“When I got back here 20 years ago, we didn’t see any quail. There might have been one covey,” Locke said. “Now, I have four or five coveys of quail almost every year on the farm. We see a lot of deer and turkey here, too.”

“If the wildlife is doing well on your farm, it’s a good indication that you’re producing quality forage for your cattle,” Jones added. “Those go hand-in-hand.”

Like most Missouri farms, tall fescue was the primary forage in Locke’s pastures when he began implementing his rotational-grazing program. The majority of tall fescue, such as the common Kentucky 31 variety, is infected with a fungal endophyte, which benefits the plants but causes poor animal performance. Locke’s pastures tested more than 80% toxic. One of his top priorities is converting those fields of toxic fescue into newer varieties of “novel” fescue that contain animal-friendly endophytes.

“I learned that every 10% of toxin equals a 10th of a pound in lost gain per animal,” Locke said. “That was eye-opening to me. Since then, I have done my best to transition my pastures over to friendly endophyte varieties. I’m over halfway to having Kentucky 31 eradicated on my farm.”

GOING NATIVE

The addition of native, warm-season grasses is also integral to his pasture plan. A subset of plants once present in grasslands across the Midwest, these forages are adapted to grow well in this region’s soils and climate. During the summer, when cool-season fescue shuts down, native grasses continue to thrive.

“I wanted to establish native grasses because I understand forage and its curves,” Locke said. “Fescue does well in the spring and fall. I needed something in the middle of that curve, that July and August period when we didn’t have any fescue.”

About 15 years ago, Locke planted his first native fields, starting with Eastern gammagrass. While he found the species challenging to establish, taking nearly two years to grow enough to graze, Locke now has a robust stand of the highly productive bunchgrass. He has since established paddocks of big bluestem, little bluestem and Indian grass and intends to plant more.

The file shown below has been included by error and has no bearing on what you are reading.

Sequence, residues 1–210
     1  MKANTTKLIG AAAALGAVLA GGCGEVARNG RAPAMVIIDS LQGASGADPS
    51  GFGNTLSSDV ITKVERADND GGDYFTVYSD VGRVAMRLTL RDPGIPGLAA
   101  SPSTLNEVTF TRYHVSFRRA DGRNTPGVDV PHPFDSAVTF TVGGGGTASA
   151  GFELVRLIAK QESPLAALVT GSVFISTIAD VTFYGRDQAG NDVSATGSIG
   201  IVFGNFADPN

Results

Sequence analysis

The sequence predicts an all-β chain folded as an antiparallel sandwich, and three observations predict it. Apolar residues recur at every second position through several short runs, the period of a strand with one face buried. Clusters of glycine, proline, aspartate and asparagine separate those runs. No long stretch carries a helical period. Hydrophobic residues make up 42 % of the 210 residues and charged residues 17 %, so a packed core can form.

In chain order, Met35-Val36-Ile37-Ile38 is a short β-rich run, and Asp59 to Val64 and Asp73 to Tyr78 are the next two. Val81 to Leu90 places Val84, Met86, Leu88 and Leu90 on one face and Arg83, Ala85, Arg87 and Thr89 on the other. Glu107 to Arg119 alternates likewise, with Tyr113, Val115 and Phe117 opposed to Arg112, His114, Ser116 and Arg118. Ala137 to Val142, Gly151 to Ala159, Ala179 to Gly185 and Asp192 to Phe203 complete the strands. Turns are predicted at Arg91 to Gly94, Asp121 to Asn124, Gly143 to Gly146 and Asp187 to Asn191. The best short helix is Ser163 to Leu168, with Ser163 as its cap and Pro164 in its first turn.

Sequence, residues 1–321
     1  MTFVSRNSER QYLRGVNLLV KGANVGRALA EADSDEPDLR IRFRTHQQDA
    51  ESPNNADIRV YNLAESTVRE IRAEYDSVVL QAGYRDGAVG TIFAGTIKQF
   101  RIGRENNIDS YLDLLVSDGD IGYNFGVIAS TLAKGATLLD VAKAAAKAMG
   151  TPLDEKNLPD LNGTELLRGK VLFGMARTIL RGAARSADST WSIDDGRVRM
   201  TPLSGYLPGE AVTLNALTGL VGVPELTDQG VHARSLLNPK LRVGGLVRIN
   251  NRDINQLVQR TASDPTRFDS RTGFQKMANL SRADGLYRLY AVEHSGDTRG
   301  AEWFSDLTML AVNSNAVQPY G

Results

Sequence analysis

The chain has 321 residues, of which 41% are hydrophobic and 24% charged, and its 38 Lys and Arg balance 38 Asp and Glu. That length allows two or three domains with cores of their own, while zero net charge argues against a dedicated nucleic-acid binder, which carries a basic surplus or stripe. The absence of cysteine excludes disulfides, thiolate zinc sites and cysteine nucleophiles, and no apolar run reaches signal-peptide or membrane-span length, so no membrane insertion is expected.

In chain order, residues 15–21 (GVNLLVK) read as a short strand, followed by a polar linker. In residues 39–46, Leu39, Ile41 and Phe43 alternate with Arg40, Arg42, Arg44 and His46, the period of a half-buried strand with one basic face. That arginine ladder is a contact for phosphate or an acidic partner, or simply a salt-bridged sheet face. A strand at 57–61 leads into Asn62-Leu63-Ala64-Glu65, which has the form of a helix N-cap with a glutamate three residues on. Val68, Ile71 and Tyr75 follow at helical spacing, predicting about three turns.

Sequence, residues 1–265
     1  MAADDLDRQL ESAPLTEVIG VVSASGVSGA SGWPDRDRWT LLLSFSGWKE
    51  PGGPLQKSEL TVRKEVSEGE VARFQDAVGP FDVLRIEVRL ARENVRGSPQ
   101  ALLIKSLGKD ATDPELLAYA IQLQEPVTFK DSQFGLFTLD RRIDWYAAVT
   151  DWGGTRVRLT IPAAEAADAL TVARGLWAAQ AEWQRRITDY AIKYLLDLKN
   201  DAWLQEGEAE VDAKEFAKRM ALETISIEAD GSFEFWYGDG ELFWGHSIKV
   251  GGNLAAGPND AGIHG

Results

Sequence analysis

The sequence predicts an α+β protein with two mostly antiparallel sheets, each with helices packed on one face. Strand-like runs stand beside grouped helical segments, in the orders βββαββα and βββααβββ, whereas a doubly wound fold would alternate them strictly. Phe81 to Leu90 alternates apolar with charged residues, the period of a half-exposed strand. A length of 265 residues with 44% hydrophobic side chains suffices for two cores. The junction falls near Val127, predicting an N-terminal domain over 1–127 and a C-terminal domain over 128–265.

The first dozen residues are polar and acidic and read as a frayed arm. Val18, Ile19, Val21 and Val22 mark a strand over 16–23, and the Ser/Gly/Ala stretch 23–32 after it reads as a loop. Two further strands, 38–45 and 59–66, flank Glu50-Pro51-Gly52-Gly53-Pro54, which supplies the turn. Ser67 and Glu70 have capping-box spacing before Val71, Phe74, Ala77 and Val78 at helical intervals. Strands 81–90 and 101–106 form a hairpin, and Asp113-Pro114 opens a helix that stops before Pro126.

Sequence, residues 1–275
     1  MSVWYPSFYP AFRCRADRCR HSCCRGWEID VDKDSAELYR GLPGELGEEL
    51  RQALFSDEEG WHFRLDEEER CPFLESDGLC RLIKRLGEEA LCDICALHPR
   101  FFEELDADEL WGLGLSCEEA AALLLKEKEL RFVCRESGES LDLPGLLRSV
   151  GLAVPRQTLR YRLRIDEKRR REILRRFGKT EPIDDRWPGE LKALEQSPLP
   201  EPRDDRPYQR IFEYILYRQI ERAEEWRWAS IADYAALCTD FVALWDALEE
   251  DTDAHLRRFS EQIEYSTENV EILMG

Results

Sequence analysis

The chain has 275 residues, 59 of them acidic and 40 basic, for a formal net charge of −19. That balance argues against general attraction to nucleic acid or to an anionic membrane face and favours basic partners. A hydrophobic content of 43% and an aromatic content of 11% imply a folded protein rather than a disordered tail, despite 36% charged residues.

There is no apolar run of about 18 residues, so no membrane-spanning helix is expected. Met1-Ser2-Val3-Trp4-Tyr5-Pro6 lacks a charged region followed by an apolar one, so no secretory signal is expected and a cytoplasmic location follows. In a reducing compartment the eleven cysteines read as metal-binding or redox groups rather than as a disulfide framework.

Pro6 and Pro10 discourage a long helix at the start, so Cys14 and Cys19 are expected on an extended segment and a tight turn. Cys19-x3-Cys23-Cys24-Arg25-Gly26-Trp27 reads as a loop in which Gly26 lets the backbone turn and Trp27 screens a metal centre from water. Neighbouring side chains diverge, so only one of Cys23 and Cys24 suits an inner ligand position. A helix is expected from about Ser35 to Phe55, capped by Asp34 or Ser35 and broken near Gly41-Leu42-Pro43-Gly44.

“People need to understand how deep the roots on those native grasses grow,” Locke said. “They’re tapping into resources that fescue can’t touch. In those drought periods, you end up with lush, green grass, and the cattle just go nuts. They love it.”

In all his pastures, weed control is important, Locke said, but especially in the native fields. The availability of specialty her­bicides with the active ingredient, imazapic, such as Panoramic and Plateau, has been a “game changer” when it comes to fighting weed competition, he added. These herbicides are nontoxic to certain native grasses and prairie flowers when applied as labeled.

“Weeds are usually the biggest issue that folks have in estab­lishing native grasses,” Jones agreed. “If the weeds come on early enough, they’ll canopy over your forage seedlings, which can take three or four weeks to emerge. If the weeds get ahead of those seedlings, they can essentially kill your stand.”

FLEXIBLE FORAGES

With such a diverse menu growing in his pastures, Locke can graze his cattle nearly year-round. Timing of the rotation depends largely on the rancher’s astute observations.

“I watch the paddocks,” Locke said. “My goal is to not bring an animal back to a field until the forages have rested about 40 days. That gives the forage ample opportunity to regrow. There would have to be a really strong reason for me to let the herd graze any earlier than that.”

His paddocks are laid out like a patchwork quilt, connected by a network of lanes. When he gets ready to rotate the herd, Locke simply opens a gate, turns the cattle into the adjacent lane and leads them to their new grazing ground. He keeps the main herd of around 50 cows together as they move from paddock to paddock. Replacement heifers and bulls are also rotated, but not as intensely.

“One of the main things I stress to people when they’re talking about intensive grazing is to consider putting in lanes,” Locke said. “It makes moving the cattle so much easier. I fought it my­self for years, thinking it was wasted forage. That was just stupid. 

It’s not wasted at all. I can turn the cows into a lane anytime and use that forage. It’s there if I need it.”

All the paddocks are equipped with permanent waterers fed from either buried or above-ground water lines. In areas without shade, Locke uses a portable “cow umbrella” that covers 50 animals at a time.

Once cattle are moved into a paddock, Locke then subdivides it for strip grazing. He uses pigtail step-in posts and electric poly wire to fence off smaller sections of the pasture and grazes the herd there for a limited time, usually about 24 hours. Then he moves the portable fence and opens a new strip. This method helps reduce forage waste and gives Locke more control over the pasture being grazed.